Cool spring temperatures delay melt
Colorado’s latest snowpack data, compiled by the USDA-Natural Resources Conservation Service (NRCS), shows the profound impact that a cool and wet May can have on water supplies, in terms of both timing and quantity. While the state’s mountain snowpack typically reaches its seasonal maximum in mid-April, this year’s snowpack finally reached its peak in late May across northern Colorado, about three weeks later than normal. Not only has the cool weather delayed any significant melting across the higher elevations, but the continued wet weather pattern has contributed to additional snowpack accumulations across the High Country.
This year’s June 1 snowpack readings show record high snowpack levels for this date across most of the northern and central mountains, according to Allen Green, state conservationist with the NRCS.
The forecasted runoff throughout the Yampa, White, Colorado, North and South Platte river basins this year is well above average, and in some cases will be two to three times higher than the average for the April through July forecast period. Meanwhile, across southern Colorado, snowmelt is well under way after reaching below average seasonal totals. Runoff forecasts in the Rio Grande, San Juan, Animas, Dolores and San Miguel basins are generally below average, with the lowest anticipated runoff occurring along those streams flowing from the Sangre de Cristo Mountains in southern Colorado.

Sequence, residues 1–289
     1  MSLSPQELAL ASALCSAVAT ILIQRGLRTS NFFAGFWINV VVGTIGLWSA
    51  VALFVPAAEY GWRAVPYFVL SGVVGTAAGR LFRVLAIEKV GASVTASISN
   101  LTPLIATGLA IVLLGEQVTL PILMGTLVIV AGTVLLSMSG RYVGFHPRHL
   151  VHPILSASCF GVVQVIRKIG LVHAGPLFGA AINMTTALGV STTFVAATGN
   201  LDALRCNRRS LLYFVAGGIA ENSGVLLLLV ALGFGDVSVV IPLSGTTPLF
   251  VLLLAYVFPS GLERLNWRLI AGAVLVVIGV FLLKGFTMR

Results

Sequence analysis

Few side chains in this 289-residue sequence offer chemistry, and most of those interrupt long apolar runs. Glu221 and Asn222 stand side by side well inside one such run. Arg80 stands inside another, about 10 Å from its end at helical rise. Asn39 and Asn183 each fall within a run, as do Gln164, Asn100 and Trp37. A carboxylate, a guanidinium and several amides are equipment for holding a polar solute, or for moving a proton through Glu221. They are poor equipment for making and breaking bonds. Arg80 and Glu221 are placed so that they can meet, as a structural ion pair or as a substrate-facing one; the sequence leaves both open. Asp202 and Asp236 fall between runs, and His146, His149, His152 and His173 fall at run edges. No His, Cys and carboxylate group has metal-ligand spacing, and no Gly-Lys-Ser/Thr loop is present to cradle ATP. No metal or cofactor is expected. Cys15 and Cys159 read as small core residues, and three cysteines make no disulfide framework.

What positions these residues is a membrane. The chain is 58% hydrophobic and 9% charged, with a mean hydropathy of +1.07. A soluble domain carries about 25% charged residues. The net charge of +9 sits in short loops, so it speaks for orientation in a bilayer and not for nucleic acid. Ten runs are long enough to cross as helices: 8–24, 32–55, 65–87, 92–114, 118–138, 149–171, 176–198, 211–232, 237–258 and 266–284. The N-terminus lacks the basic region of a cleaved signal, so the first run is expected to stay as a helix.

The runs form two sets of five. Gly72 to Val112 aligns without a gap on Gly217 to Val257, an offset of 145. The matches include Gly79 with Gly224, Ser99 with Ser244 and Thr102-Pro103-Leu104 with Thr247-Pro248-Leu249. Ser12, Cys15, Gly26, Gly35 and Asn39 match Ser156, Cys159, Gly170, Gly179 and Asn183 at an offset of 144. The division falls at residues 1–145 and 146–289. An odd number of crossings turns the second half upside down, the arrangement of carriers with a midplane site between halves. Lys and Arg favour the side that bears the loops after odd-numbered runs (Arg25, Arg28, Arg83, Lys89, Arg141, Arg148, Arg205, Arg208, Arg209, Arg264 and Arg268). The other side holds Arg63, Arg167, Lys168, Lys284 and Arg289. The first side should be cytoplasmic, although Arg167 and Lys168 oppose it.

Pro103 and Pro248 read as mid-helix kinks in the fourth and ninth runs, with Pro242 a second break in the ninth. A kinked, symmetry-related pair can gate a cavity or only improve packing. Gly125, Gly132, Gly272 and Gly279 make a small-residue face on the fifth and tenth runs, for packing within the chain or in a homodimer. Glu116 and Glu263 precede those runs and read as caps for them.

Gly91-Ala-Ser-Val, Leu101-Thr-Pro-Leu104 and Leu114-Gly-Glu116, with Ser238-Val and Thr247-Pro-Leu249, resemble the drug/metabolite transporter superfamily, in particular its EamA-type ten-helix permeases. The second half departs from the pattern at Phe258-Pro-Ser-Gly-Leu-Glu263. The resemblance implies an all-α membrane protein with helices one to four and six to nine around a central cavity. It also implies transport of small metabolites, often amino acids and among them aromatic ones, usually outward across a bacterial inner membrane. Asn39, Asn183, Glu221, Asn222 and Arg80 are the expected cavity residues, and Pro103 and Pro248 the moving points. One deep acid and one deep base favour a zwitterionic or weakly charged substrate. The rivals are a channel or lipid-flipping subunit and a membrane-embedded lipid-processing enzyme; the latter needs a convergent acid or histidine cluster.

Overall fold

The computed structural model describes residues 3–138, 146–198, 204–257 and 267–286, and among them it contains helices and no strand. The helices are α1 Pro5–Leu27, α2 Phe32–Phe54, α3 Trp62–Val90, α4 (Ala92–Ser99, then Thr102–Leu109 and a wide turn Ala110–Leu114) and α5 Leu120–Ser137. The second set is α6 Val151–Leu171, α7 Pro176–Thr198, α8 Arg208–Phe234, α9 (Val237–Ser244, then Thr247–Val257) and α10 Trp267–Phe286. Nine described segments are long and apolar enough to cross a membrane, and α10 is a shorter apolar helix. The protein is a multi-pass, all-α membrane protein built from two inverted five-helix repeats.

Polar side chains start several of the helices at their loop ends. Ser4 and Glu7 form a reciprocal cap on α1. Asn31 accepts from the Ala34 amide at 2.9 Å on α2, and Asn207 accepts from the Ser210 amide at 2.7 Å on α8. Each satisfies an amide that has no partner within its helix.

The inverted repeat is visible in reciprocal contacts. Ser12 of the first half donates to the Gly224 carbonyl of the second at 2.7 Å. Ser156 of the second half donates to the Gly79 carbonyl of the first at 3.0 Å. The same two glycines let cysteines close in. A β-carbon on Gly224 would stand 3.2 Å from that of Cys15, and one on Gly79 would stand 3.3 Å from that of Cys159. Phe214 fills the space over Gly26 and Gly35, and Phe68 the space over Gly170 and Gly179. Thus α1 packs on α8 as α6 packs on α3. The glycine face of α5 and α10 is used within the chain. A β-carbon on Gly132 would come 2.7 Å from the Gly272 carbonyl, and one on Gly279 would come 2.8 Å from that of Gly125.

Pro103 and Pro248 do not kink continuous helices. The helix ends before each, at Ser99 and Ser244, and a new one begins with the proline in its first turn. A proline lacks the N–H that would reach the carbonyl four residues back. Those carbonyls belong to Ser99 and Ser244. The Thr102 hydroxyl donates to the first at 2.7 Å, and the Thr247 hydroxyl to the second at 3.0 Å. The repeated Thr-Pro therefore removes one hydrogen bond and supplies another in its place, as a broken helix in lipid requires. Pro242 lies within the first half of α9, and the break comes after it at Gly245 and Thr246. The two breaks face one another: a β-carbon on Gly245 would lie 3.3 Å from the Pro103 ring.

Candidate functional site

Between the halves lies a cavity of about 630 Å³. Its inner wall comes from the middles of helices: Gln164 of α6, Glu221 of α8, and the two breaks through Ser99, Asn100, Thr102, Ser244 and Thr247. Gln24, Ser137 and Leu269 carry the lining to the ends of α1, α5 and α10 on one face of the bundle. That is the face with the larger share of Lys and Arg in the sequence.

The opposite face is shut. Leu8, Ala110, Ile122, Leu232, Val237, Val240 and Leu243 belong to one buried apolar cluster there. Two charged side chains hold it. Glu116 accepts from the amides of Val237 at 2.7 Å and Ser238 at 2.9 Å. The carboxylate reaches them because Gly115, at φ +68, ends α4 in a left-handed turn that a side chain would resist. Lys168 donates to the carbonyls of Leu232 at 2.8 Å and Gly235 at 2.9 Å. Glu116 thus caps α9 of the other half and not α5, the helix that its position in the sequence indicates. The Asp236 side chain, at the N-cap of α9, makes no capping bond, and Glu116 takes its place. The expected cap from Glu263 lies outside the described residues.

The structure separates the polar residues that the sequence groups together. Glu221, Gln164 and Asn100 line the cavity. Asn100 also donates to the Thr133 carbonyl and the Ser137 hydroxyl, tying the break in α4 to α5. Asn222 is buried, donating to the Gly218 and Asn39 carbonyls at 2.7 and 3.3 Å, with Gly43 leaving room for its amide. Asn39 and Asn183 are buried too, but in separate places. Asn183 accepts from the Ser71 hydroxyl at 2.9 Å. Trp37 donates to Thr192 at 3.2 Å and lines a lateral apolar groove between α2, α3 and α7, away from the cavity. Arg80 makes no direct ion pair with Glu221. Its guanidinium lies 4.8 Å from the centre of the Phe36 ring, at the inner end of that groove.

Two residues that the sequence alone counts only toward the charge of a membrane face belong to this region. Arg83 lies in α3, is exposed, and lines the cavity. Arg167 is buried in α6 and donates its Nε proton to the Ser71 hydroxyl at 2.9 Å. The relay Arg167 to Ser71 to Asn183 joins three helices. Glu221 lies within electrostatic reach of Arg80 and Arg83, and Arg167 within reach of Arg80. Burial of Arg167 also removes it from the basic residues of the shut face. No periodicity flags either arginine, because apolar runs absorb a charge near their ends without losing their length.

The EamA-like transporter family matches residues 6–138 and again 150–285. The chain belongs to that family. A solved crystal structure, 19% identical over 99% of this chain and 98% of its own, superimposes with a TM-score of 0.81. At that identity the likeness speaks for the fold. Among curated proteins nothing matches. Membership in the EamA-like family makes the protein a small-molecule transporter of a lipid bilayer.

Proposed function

Additional snow accumulations in late April and into May have considerably improved the water supply outlook across most of the state. Runoff volumes in the Gunnison basin and the Arkansas headwaters have increased this month as well, and are now above average.
At this late stage in the melt season, temperatures will play an important role in how rapidly snowmelt will occur.
“There remains a tremendous amount of snow across northern Colorado,” Green said. “A gradual and even meltout would help minimize impacts.”
Water managers will be monitoring temperatures at automated SNOTEL sites, including the daily high and low temperatures as the melt progresses through June. Periodic breaks in June temperatures might help keep melt rates in check. On the positive side, Green said this year’s water supplies will be the best in more than a decade allowing for full reservoirs and abundant water supplies for irrigation well into the summer growing season.
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